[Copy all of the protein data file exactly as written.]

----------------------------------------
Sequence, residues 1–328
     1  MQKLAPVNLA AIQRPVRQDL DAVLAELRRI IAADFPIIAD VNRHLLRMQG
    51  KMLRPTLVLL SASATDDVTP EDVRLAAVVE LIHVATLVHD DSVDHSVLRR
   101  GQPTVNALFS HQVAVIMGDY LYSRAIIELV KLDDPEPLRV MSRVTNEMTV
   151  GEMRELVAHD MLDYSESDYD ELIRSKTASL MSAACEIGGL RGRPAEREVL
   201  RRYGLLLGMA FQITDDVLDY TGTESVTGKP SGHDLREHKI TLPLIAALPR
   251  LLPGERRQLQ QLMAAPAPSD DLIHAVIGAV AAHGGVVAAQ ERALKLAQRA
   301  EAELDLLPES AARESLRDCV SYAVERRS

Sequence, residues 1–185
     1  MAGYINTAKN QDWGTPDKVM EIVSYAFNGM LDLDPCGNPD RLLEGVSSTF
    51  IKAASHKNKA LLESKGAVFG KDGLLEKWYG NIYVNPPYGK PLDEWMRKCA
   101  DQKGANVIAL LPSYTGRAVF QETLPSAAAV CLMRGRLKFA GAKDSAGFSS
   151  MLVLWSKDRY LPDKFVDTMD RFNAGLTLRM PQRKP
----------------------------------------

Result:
Sequence, residues 1–328
     1  MQKLAPVNLA AIQRPVRQDL DAVLAELRRI IAADFPIIAD VNRHLLRMQG
    51  KMLRPTLVLL SASATDDVTP EDVRLAAVVE LIHVATLVHD DSVDHSVLRR
   101  GQPTVNALFS HQVAVIMGDY LYSRAIIELV KLDDPEPLRV MSRVTNEMTV
   151  GEMRELVAHD MLDYSESDYD ELIRSKTASL MSAACEIGGL RGRPAEREVL
   201  RRYGLLLGMA FQITDDVLDY TGTESVTGKP SGHDLREHKI TLPLIAALPR
   251  LLPGERRQLQ QLMAAPAPSD DLIHAVIGAV AAHGGVVAAQ ERALKLAQRA
   301  EAELDLLPES AARESLRDCV SYAVERRS

Sequence, residues 1–185
     1  MAGYINTAKN QDWGTPDKVM EIVSYAFNGM LDLDPCGNPD RLLEGVSSTF
    51  IKAASHKNKA LLESKGAVFG KDGLLEKWYG NIYVNPPYGK PLDEWMRKCA
   101  DQKGANVIAL LPSYTGRAVF QETLPSAAAV CLMRGRLKFA GAKDSAGFSS
   151  MLVLWSKDRY LPDKFVDTMD RFNAGLTLRM PQRKP